Submitted to: Columbia Basin Agricultural Research Annual Report
Publication Type: Experiment Station
Publication Acceptance Date: 5/1/1999
Publication Date: N/A
Interpretive Summary: Wheat residue has been investigated for its potential to negatively influence growth of the following wheat crops. This article reviews the conclusions of scientific research conducted over the past four decades, and presents results from a recently completed greenhouse experiment. As residue ages and weathers, it rapidly loses the capacity to harm the following crop. This means that the cropping system we should be most concerned about in the dryland Pacific Northwest is fall planted wheat in an annual cropping system (winter wheat not following fallow). Our greenhouse study found that seedling wheat was harmed when its roots grew through buried residue. No-till systems do not produce buried residue, and this prevents the roots of fall-planted wheat from growing through unweathered residue. According to past research, we still need to be concerned with the large amounts of unweathered residue on the soil surface near the seedlings.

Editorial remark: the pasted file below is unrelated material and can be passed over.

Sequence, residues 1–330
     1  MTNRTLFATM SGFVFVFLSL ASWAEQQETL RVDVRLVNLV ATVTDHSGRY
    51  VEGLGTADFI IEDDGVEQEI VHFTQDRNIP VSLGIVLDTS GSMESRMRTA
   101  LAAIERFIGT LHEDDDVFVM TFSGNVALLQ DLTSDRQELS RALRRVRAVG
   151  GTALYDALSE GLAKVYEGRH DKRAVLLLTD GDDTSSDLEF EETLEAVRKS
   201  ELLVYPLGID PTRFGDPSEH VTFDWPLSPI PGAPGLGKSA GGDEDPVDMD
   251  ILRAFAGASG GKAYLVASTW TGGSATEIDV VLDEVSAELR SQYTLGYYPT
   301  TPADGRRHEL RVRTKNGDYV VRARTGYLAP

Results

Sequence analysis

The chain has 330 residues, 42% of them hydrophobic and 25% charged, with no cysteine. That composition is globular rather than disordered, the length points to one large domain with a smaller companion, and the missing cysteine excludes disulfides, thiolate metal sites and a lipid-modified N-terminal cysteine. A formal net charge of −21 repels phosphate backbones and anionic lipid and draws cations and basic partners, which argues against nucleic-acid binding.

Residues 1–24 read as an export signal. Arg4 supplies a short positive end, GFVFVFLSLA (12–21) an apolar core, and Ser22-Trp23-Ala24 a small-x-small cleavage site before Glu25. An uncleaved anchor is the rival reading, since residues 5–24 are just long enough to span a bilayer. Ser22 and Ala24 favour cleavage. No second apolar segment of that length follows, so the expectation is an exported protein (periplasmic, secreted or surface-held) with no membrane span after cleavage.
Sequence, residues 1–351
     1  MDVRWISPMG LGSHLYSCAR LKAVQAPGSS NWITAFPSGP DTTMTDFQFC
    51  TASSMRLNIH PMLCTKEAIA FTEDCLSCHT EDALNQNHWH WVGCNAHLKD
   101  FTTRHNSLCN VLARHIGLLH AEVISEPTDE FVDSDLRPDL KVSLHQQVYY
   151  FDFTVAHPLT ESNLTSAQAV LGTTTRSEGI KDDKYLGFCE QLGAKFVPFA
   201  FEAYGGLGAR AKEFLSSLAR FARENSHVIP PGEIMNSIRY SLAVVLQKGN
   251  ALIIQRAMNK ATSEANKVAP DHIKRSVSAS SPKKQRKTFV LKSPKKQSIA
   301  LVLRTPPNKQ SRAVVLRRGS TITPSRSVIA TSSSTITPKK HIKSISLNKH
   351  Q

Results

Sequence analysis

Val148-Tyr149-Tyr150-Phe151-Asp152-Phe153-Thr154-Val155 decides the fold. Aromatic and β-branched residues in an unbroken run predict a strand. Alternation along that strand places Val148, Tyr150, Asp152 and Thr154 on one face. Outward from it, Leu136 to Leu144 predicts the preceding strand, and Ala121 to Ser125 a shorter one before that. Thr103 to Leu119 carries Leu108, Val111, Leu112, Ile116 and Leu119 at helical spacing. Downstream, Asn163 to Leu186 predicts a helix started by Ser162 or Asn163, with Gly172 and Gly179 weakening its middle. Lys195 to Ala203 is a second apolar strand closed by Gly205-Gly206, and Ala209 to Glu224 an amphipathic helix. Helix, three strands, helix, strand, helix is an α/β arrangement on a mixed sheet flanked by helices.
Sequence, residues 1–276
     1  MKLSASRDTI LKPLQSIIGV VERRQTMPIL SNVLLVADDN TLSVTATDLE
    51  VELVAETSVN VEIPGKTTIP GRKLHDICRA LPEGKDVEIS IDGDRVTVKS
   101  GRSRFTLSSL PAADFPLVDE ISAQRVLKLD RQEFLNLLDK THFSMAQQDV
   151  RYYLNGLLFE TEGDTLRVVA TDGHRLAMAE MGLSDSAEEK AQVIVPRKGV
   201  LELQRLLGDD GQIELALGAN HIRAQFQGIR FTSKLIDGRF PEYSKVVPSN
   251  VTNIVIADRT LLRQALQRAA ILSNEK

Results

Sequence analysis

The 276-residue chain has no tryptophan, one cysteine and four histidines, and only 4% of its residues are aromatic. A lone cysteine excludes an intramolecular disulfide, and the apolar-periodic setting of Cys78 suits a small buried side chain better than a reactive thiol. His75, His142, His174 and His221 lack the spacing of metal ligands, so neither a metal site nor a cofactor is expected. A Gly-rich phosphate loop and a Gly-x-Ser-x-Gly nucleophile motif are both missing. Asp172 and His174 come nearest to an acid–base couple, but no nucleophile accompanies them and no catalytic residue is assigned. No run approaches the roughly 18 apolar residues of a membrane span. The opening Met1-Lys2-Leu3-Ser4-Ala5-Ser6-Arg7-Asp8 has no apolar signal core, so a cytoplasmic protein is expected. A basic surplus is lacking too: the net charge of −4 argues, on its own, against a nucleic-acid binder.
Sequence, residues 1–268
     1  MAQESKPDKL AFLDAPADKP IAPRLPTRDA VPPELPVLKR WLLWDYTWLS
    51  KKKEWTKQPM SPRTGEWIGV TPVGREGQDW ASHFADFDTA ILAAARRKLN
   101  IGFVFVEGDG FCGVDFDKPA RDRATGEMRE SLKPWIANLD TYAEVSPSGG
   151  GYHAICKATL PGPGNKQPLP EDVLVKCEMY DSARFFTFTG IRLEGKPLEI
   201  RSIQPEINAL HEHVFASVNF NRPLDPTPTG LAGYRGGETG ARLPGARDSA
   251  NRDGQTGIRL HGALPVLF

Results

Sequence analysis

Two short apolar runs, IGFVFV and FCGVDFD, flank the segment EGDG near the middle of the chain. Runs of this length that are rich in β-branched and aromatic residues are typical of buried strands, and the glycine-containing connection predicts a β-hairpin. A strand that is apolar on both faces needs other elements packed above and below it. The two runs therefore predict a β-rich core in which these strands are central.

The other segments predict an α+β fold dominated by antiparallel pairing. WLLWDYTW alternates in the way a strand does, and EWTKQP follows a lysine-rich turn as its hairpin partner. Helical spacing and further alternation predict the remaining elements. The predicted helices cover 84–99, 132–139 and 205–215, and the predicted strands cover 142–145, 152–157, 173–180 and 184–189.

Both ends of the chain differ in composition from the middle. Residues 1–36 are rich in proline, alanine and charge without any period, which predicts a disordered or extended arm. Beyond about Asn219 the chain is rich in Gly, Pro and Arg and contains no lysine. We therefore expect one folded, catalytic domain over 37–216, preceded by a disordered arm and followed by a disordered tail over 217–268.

Technical Abstract: Over the past four decades researchers have examined the effects of crop residue on the growth of plants. Residues have been shown to damage wheat and other crops in both laboratory and greenhouse studies. Only recent, unweathered residues produce a toxic effect. The growth impairments relate to germination, emergence, growth rates, or tillering. In a recently completed greenhouse study, wheat seedling height was reduced by 20 percent 20 days after planting when three-month-old wheat residues were placed about an inch below the seed (Stewart Wuest, unpublished data). Residue toxicity is only likely to cause problems in fall-seeded crops, because this is when we have large quantities of unweathered residues. Disease problems found in annual winter wheat cropping systems may be due to toxins as well as pathogens found in unweathered residues. These residues are often plowed under the surface where they are intercepted by the roots. No-till presents the opportunity to plant into ground with no buried residue. Fresh residues left on the surface of the soil remain a concern. Research at Pendleton has demonstrated that standing stubble can reduce light penetration into the seed row enough to reduce seedling vigor and tillering of winter wheat. Whether this results in a reduction in yield will depend on circumstances later in the growing season. In the Pacific Northwest, leaving residue near the seed row to reduce evaporation is an advantage when we plant fall crops into our light, dry soils. Our knowledge of the potential toxic effects of residue should allow us to maximize the benefits of surface residue cover produced in no-till and avoid the hazards to plant health in fall-seeded systems.